All I am looking for is a quiet bench; a bench to rest my weary body and mind. It was a rough week for me, and I felt like the boy in Silverstein’s The Giving Tree, when he says,
“I don’t need very much now…just a quiet place to sit and rest. I am very tired.”
I hope to gaze out at the seagull-speckled harbor, watch the sailboats glide by, and think and not think.
It is 2:15pm, which means I have about one whole hour of solitude before my three kids get home from school and the laughter, cries, demands, cuddles, and needs of my little people hijack my thoughts and actions.
Unlike in Texas where few people ever seem to be out and about (I assume they’re usually in their homes, cloaked in air-conditioning and walls to keep out the heat and bugs), here in New York, when the sun shines—the people bask in it.
The park is scattered with pantsuits and ties having leisurely lunch breaks. A fisherman paces the dock with his fat cigar and bobbing fishing rod.
And there is a man, slight in stature, almost frail, crouched on the bench across the walkway from where I sit. His cigarette droops out of his dry lips. The worn guitar rests in the crux of his arm, and his body hovers closely over it.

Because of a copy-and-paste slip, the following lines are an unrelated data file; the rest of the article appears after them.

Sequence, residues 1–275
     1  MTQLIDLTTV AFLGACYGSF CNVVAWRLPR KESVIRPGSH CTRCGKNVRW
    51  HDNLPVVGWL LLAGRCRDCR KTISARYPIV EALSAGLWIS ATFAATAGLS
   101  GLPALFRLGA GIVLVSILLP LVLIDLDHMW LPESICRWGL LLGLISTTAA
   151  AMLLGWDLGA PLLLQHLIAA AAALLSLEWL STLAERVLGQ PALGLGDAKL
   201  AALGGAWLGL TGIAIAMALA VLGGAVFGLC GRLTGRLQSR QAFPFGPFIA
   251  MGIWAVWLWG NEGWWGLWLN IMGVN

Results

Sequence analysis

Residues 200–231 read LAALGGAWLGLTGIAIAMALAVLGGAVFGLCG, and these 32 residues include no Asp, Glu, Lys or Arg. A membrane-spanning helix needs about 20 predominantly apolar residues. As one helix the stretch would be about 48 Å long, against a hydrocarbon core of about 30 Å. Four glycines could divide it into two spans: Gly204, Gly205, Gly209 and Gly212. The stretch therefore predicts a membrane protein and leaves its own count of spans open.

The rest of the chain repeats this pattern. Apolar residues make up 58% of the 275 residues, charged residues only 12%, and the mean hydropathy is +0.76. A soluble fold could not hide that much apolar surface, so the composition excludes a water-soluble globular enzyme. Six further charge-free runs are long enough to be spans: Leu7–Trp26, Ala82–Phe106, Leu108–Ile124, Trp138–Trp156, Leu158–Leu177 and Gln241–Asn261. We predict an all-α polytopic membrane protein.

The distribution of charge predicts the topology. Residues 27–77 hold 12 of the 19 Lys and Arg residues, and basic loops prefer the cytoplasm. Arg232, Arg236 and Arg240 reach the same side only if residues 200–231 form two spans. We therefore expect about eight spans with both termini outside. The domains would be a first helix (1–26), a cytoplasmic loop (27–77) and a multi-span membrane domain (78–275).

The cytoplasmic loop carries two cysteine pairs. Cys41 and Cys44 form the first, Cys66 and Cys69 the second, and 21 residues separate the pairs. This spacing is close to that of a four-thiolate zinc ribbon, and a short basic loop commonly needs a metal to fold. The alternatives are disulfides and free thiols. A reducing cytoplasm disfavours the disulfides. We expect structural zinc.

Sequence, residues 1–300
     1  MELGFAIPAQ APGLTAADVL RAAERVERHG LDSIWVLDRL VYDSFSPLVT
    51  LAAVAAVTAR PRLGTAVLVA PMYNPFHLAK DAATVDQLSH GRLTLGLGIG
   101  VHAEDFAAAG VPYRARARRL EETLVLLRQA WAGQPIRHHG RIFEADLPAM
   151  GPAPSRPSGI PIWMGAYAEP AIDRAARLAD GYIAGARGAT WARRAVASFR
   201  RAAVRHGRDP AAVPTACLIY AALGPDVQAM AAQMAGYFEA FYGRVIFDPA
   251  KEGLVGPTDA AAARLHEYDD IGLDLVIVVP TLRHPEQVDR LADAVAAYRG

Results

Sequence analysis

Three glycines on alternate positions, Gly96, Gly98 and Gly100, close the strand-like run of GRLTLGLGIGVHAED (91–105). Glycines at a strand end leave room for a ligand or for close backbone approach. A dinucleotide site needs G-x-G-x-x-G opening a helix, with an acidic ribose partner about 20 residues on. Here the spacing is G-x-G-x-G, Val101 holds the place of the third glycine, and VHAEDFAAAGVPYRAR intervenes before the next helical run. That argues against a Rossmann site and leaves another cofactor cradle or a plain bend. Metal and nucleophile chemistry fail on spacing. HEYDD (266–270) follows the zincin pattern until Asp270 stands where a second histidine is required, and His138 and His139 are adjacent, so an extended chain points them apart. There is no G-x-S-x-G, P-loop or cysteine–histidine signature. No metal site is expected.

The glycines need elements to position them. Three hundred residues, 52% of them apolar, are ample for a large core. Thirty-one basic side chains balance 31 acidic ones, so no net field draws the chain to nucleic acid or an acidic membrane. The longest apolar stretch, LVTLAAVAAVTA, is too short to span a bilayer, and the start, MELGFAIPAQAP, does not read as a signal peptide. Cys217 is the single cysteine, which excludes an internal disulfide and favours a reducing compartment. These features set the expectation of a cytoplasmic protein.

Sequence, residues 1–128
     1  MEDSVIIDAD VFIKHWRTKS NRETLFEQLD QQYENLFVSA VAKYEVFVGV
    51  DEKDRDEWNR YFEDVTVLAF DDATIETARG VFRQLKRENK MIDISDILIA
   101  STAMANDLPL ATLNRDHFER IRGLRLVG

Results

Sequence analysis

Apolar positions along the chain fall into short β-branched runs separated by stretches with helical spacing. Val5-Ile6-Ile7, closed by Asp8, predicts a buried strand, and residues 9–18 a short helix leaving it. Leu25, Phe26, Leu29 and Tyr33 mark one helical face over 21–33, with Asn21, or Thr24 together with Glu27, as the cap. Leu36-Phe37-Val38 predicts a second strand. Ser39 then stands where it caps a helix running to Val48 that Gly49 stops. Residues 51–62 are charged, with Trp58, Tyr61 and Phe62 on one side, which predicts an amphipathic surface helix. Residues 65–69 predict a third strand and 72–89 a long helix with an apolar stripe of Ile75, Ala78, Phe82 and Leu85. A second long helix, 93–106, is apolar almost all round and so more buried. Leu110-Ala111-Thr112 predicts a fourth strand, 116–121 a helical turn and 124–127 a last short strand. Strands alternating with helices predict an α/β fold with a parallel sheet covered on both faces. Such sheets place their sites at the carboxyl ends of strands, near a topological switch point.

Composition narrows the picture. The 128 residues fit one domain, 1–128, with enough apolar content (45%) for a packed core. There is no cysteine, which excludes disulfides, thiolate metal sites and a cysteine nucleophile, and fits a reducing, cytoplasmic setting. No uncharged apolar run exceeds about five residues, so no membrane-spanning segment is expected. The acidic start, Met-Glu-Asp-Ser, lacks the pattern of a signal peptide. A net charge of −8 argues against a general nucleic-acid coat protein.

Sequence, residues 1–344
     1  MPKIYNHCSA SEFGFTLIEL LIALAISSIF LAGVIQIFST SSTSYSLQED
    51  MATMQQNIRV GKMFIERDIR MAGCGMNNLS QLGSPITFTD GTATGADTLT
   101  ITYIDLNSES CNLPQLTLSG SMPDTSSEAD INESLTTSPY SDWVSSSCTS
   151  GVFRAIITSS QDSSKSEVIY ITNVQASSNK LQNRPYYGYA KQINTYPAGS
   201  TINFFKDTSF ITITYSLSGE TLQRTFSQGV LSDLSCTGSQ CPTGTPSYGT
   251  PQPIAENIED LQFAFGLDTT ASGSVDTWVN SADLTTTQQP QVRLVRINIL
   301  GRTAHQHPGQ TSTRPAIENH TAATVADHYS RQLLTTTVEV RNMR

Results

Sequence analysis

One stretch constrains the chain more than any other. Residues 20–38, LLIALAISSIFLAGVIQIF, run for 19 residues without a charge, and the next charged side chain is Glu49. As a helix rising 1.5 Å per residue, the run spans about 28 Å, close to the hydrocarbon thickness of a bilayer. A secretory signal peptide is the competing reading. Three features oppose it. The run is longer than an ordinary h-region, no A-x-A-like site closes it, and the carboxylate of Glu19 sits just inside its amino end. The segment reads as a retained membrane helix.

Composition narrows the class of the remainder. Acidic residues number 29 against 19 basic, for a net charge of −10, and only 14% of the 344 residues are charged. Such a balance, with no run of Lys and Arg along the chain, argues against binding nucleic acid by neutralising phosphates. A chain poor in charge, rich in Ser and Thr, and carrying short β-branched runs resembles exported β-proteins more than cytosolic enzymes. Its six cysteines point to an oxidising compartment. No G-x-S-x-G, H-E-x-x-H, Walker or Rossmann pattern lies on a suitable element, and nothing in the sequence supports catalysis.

He’s strumming a melodic, repetitive tune. It’s meditative and calming like a drumbeat. The notes carry over to me in the salty breeze, and I can taste the peace I seek. I allow each sound to wash away my burdening thoughts, and the tears from my eyes start to flow.
And as if he senses my heavy thoughts, he starts to sing. The music transforms from an orderly rhythm to a glorious song. His voice, when I close my eyes, is James Taylor and George Harrison combined. I listen intently.
Occasionally I subtly glance over at him. I want to see if he’s real, or if I’ve conjured this moment up in my mind from my depths of longing to feel love and joy.
In between “Something” and “Yesterday” he lights a cigarette, and a waft of muddled smoke reminds me of the quick relief nicotine gives.
I imagine walking across the street to the 7-11, buying a pack of crisp white and shaded blue Parliament Lights, and feeling instant nicotine-induced relief.
It’s been years, but that sensation is as palpable as the bench beneath me.
I stay seated—crossing my legs to anchor myself. I continue to listen.
The song ends. The guitar makes that echoey sound as the strum waves into silence. The musician stands up, slowly walks over to his green bumper-sticker covered car, and drives off.
I stand, wipe the imagined dirt from my jeans, take one last look at the harbor, and drive home.